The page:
Focus on safety and ease of use

If you are thinking about adding an in-law quarters or renovating a space that will be occupied by an elder either in their home or in yours, choosing the right floor can affect comfort, health, and well-being. The rapid growth of our senior population in our country is a much publicized fact – by 2020, there will be 55 million Americans over the age 65 and 6.6 million over 85. As a result renovation of existing housing stock to accommodate an elder is becoming quite common place.

When choosing flooring, the most important issues to consider are vision and mobility. If using wood, tile or carpet, it is wise to employ color contrast solely for identifying a change in elevation or a barrier on the floor’s surface. This will also help to identify where the floor ends and walls, stairs and doors begin. Color contrast simply helps with visually mapping out the whole floor.

Utilization of sharp contrast at the edge of a step down can be accomplished in a number of stylish ways. I think of one kitchen I was in recently where the owners installed a somewhat darker border of tile around the edge of an entire ceramic kitchen floor to help identify access points for the family room and the basement. For hardwood floors, an end cap that is a few shades darker can improve both appearance and safety. When done right, this can look really sharp.

If your elder is using a walker or some other mobility aid, hardwood, linoleum and tile are the best choices as they are most easily navigated and do not drag or pull when in contact with sneakers or rubber covered devices. If you decide that you would like to install tile whether there is a mobility device or not, it’s important to understand the concept of “slip resistance”. Ask about the coefficient of friction (COF) before you buy. The American Heritage Dictionary defines COF as “the ratio of the force that maintains contact between an object and a surface and the frictional force that resists the motion of the object.” There is extensive debate around what constitutes “safer” flooring among engineers and how best to measure it. The American Disabilities Act guidelines recommend a surface with a COF of 0.6 for floors and 0.8 for ramps. It is widely recognized, therefore, that flooring with a COF higher than 0.6 is generally considered being slip resistant. These specs are available for review when you are shopping in a home improvement store.

One does need to be concerned with the type of finish that is selected. Following changes in level, glare is the next largest impediment to safe mobility. A matte finish on a wood floor reduces glare considerably when you compare it to a gloss. It’s important to check your lighting as well as the manner in which a room is illuminated will often make a difference with how easy or difficult it might be to navigate. This is a very subtle problem that one may easily overlook. Lastly, the biggest concern is that it’s critical to note that area rugs, when placed over wood, linoleum or tile floors, are ALWAYS a hazard for seniors who could easily slip and fall. Do not use them!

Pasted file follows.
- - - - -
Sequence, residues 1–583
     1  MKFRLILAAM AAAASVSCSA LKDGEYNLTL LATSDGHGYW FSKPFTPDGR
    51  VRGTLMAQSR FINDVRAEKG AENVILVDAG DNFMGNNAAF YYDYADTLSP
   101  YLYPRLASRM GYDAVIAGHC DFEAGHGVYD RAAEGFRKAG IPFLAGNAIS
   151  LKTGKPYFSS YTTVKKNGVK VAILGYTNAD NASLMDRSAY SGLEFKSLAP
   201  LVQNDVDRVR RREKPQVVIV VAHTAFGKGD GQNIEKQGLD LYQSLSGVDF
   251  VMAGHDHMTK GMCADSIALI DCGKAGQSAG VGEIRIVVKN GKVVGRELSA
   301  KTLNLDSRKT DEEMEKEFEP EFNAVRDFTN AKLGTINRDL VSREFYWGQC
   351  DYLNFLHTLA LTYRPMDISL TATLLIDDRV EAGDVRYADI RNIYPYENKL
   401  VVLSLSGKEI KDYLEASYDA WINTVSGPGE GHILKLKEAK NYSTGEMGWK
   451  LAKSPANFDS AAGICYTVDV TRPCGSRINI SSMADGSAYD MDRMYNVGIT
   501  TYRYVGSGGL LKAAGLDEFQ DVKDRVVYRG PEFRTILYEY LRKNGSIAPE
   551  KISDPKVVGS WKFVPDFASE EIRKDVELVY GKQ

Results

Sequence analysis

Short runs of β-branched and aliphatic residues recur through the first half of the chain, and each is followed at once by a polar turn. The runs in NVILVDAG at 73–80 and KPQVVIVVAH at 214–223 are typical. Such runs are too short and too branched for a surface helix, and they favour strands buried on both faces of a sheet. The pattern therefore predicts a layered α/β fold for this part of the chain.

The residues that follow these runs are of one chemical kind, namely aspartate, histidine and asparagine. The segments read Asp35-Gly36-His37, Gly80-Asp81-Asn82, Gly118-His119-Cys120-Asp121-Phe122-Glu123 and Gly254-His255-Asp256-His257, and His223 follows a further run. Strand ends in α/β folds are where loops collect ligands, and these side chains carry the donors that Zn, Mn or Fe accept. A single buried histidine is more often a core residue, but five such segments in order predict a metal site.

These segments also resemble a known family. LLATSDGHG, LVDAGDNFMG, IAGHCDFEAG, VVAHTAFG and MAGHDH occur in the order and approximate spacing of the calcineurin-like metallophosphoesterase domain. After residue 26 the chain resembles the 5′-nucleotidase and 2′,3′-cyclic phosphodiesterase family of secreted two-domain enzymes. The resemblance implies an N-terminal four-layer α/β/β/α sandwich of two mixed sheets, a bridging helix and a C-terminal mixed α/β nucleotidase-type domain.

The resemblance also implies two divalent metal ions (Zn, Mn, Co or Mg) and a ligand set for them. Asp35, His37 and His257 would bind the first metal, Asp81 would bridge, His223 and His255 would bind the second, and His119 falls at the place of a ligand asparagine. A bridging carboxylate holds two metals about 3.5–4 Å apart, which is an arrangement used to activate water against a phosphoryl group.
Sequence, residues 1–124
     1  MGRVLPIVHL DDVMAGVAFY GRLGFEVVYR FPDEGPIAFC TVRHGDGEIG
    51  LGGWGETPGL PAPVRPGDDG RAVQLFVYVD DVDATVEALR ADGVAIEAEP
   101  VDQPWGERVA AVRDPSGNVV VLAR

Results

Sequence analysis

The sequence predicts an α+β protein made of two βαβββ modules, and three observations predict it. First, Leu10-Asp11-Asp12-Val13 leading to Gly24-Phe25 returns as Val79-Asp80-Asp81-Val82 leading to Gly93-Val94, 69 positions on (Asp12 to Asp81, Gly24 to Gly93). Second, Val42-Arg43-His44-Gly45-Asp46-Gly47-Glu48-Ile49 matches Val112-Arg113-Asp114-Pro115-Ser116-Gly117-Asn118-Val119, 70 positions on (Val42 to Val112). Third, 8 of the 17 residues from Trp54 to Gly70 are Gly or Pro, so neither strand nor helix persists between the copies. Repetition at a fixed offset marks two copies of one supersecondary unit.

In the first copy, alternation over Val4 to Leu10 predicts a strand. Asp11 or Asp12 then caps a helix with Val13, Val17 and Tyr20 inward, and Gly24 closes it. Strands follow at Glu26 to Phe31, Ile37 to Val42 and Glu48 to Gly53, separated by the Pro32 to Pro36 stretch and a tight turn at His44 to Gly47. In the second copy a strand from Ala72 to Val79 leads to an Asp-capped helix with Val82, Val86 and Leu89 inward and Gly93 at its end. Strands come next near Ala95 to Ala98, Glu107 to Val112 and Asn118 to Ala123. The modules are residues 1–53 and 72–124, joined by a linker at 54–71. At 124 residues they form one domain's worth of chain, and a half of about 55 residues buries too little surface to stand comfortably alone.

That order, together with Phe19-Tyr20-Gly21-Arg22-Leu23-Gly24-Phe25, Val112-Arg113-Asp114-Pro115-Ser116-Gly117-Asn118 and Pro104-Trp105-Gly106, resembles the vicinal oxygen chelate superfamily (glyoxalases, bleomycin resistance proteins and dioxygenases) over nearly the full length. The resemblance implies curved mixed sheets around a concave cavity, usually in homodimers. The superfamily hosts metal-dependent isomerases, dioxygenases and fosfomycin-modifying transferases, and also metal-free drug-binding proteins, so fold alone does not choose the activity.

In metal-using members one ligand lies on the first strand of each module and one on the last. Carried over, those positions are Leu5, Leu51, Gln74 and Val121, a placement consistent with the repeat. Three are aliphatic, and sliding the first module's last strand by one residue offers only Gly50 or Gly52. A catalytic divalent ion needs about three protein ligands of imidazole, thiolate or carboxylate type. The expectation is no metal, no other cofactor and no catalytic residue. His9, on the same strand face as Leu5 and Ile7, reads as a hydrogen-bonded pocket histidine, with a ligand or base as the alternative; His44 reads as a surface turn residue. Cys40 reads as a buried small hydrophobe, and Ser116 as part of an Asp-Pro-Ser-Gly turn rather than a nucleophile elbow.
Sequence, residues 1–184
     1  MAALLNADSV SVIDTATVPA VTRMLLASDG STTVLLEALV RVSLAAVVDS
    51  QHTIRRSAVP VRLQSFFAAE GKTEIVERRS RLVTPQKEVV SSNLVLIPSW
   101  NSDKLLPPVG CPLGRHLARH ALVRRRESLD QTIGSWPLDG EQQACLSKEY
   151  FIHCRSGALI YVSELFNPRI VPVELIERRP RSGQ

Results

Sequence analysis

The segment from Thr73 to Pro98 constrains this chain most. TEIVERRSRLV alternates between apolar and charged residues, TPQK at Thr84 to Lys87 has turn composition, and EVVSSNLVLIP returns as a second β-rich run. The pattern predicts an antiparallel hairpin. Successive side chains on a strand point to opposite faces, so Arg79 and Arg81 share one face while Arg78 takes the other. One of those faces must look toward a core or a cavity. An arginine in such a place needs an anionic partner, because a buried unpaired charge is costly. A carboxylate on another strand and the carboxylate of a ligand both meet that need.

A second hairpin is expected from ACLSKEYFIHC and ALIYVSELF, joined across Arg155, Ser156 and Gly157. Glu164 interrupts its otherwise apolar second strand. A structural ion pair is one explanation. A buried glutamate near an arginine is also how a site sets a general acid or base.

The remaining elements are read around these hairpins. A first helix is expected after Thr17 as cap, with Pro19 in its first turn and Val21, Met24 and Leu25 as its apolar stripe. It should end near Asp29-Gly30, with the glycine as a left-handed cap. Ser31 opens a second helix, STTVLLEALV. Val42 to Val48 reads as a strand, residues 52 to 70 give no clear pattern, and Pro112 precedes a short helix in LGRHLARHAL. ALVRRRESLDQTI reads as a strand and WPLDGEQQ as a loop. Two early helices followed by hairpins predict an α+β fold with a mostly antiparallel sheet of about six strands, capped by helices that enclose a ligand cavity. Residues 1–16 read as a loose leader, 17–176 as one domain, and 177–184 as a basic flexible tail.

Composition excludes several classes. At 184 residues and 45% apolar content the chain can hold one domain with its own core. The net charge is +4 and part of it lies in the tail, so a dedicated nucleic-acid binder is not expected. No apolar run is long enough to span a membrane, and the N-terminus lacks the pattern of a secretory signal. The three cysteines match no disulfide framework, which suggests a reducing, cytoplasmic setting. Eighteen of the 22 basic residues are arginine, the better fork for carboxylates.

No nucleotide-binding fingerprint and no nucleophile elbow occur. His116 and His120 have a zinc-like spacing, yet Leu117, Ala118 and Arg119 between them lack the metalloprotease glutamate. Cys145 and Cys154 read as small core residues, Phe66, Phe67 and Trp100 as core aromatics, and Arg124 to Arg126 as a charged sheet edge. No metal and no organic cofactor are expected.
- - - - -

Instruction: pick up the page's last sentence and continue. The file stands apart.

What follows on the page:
Frank Lloyd Wright Home Saved From Tragic Fate

Frank Lloyd Wright Home Saved From Tragic Fate

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The dispute over an important Phoenix home designed by Frank Lloyd Wright has been resolved, according to the Frank Lloyd Wright Building Conservancy. On Thursday, Dec. 20, the group announced that it had successfully engineered the sale of the David and Gladys Wright House, saving it from demolition after a long battle.

The house at 5212 E Exeter Blvd, Phoenix, AZ 85108 was last listed for $2.515 million. An anonymous benefactor agreed to buy the desert gem and transfer the property to an Arizona not-for-profit organization responsible for the restoration, maintenance and operation of the David and Gladys Wright House.

The home was completed in 1952 for Wright’s son David and his wife, Gladys. What makes this particular property important is that its spiral staircase design foreshadows the breakthrough design of the Guggenheim Museum in New York. It is the only one of Wright’s single-family homes that utilizes that circular spiral plan.

The home’s fate was the subject of a huge dispute. Sold in June 2009 for $2.8 million by Wright’s heirs, the home was re-sold in June 2012 to a group of developers, whose plans to demolish the property to develop new housing on the site led to a battle over the building’s landmark status and fate.